What is Herbal Medicine?
Herbal Medicine is the use of plants as medicines and thus encompasses many forms of practice. It is fundamental to primary health care worldwide.
How do I identify a trained practitioner of herbal medicine?
Members of the National Institute of Medical Herbalists have trained for 4 years before becoming members of the Institute. Training involves western medical sciences such as; anatomy and physiology, diagnosis, clinical methods, plant sciences such as pharmacology, botony and pharmacognosy, plant actions or materia medica, philosophy and therapeutics and finally nutritional influences on health and illness. Members of The National Institute of Medical Herbalists adhere to a strict professional code of ethics, have full professional insurance and programme of continuing professional development. The NIMH was founded in 1864 and membership has been by examination since 1902. It has departments for education, research, quality and safety, information dissemination, media relations, thnobotony and clinical audit.
What is a herbal practitioner?
Herbal practitioners see members by appointment, take a full medical history, make physical examination as appropriate and discuss relevant factors such as diet, nutrition, exercise, home circumstances and emotional influences.
Prescriptions are usually made up at the consultation. Practitioners vary in the range of herbs used but, as a guide, I have over 150 in my dispensary made from European, North American, Chinese and some tropical plants.
What will happen if I visit a NIMH member?
Initial consultations usually last between 60 and 90 minutes. One of the practitioners aims will be to enable an individual to become more involved in their health care and health promotion. Herbalist and patient will try to identify underlying causes of illness thus working holistically and individually. Many people who seek help from practitioners have chronic (long term) and interconnected symptoms, may be taking pharmacuetical drugs and require careful monitoring and evaluation.
Following an initial visit the practitioner may see the patient two to three weeks afterwards depending upon the severity of their symptoms. Combinations of herbs in different forms are prescribed and as progress is made the prescription and outcomes are evaluated and the choice of herbs reviewed. Herbalists may also make dietary recommendations to individuals where appropriate.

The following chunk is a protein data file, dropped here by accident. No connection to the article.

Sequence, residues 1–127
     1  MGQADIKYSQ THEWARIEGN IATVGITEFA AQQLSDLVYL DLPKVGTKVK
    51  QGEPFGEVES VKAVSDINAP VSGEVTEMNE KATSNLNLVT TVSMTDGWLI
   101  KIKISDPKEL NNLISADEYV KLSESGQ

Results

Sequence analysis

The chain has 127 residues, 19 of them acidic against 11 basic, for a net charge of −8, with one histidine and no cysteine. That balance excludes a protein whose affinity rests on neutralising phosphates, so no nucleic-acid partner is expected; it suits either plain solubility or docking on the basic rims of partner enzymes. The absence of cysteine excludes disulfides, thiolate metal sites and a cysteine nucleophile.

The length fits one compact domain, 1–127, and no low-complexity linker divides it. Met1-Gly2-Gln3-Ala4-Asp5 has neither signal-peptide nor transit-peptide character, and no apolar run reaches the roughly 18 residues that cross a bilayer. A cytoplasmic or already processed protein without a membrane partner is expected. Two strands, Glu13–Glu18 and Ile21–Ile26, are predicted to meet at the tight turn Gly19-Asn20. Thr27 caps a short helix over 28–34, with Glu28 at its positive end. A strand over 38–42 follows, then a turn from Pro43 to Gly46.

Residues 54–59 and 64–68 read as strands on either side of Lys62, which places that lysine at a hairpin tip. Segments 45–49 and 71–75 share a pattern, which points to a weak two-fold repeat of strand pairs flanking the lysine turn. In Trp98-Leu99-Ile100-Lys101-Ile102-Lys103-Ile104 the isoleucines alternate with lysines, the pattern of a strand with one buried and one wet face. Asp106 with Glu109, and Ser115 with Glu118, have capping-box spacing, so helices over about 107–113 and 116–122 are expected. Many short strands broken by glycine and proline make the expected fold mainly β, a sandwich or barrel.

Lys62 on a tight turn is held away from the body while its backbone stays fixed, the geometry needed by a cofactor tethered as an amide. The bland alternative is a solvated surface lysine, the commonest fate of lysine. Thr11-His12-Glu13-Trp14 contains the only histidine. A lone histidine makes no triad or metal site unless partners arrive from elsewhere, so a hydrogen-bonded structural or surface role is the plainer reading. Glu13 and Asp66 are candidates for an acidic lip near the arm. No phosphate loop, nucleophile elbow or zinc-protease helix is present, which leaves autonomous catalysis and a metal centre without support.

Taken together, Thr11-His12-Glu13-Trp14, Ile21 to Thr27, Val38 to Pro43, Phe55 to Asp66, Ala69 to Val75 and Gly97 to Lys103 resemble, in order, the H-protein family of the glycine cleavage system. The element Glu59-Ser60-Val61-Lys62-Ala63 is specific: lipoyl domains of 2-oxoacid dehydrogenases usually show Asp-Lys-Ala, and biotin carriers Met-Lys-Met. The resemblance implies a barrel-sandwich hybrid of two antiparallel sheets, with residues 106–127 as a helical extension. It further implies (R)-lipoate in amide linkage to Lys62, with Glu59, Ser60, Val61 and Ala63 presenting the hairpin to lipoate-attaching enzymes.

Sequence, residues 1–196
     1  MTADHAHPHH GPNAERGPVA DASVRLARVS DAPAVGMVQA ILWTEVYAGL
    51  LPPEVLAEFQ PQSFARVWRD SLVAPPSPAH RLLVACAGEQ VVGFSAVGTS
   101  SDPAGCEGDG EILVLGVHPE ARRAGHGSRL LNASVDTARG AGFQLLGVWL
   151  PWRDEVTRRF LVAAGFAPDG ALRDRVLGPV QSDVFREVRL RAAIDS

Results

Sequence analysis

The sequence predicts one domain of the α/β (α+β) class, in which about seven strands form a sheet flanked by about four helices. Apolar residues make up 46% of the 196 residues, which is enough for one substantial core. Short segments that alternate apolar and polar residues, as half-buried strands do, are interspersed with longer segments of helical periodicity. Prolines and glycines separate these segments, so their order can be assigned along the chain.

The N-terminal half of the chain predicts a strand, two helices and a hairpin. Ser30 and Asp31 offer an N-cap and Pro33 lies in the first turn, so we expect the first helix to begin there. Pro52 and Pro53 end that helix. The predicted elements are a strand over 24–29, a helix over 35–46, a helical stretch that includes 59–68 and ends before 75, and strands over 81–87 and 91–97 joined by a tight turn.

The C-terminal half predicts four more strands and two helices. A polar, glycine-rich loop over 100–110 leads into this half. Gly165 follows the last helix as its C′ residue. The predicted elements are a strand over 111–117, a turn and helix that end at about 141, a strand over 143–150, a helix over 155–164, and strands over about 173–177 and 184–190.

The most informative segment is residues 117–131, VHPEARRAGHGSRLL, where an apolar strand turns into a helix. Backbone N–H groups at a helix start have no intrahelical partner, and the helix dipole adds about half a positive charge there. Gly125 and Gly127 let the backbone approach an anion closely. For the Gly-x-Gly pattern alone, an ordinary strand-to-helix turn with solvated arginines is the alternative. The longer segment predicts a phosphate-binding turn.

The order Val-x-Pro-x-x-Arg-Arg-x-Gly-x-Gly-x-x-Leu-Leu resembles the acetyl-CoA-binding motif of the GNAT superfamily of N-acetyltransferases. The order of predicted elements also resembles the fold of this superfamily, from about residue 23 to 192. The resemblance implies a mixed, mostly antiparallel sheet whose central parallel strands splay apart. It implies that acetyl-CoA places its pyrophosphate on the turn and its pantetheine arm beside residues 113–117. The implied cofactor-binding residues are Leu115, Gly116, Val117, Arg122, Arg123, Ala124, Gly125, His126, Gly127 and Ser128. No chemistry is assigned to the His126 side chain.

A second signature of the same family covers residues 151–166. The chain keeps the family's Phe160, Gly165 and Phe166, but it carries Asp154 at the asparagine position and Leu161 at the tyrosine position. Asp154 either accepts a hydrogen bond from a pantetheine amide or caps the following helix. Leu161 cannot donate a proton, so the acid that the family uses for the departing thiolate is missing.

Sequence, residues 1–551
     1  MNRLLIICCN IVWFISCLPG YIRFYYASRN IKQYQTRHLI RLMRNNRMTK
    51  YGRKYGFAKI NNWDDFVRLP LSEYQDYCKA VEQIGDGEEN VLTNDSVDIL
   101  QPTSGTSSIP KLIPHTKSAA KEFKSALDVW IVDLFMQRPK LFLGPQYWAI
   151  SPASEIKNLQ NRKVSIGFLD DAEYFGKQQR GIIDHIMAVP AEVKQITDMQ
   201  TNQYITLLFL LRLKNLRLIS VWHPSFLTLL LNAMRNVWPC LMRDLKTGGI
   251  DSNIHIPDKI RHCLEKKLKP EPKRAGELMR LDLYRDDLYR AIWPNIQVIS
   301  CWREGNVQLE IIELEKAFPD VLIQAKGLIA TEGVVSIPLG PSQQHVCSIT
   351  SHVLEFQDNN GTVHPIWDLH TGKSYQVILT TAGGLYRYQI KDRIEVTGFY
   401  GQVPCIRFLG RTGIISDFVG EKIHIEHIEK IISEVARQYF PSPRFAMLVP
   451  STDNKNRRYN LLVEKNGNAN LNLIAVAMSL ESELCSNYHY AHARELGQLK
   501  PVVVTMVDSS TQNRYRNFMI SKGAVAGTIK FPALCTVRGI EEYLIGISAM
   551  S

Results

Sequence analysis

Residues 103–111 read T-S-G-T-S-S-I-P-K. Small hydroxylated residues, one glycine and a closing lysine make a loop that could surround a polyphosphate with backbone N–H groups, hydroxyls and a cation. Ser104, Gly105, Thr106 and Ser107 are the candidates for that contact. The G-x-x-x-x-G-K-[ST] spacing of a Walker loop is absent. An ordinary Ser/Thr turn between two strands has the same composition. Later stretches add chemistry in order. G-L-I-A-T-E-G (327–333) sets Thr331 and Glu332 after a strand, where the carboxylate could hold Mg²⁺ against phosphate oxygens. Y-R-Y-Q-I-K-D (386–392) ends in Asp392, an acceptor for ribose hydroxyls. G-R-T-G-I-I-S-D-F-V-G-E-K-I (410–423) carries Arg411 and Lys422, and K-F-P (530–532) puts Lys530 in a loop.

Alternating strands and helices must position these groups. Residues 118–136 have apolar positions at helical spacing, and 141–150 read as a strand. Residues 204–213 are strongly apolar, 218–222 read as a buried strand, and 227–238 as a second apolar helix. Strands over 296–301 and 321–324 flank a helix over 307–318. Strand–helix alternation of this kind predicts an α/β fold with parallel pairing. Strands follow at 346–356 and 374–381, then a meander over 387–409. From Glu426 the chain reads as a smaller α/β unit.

Can’t I simply buy some herbal tea bags and use those?
Many herbs can be used safely in the home for acute, self limiting conditions or to enhance health and well being. The National Institute of Medical Herbalists recommends the following: if you have a chronic health problems, are taking prescribed drugs from your doctor, are pregnant or breastfeeding, seek help from a qualified practitioner.
Can you give me examples of conditions that herbalists treat?
Herbalists treat people first! No one prescription will be the same for two people. Underlying causes of illness, resistance to stress, hereditary tendencies, medication all dictate an individual approach.
However herbalists can and do treat a wide variety of people with conditions affecting all systems of the body i.e, digestive problems, circulatory problems (such as high blood pressure), gynaecological problems (such as pre menstrual or menopausal problems), emotional health symptoms such as depression, insomnia, panic attacks etc, conditions affecting the joints and the urinary system.
How do I find a practitioner in my area?
Call the NIMH head office for a list of qualified members world wide. If you would like advice on any aspect of herbal medicine you can also call the head office who will put you in contact with a qualified practitioner.
[boxibt style=”success”]Information Courtesy of:
The National Institute of Medical Herbalists 56 Longbrook Street Exeter Devon EX4 6AH
01392 426022 Please enclose an A5 SAE for 100g postage weight.[/boxibt]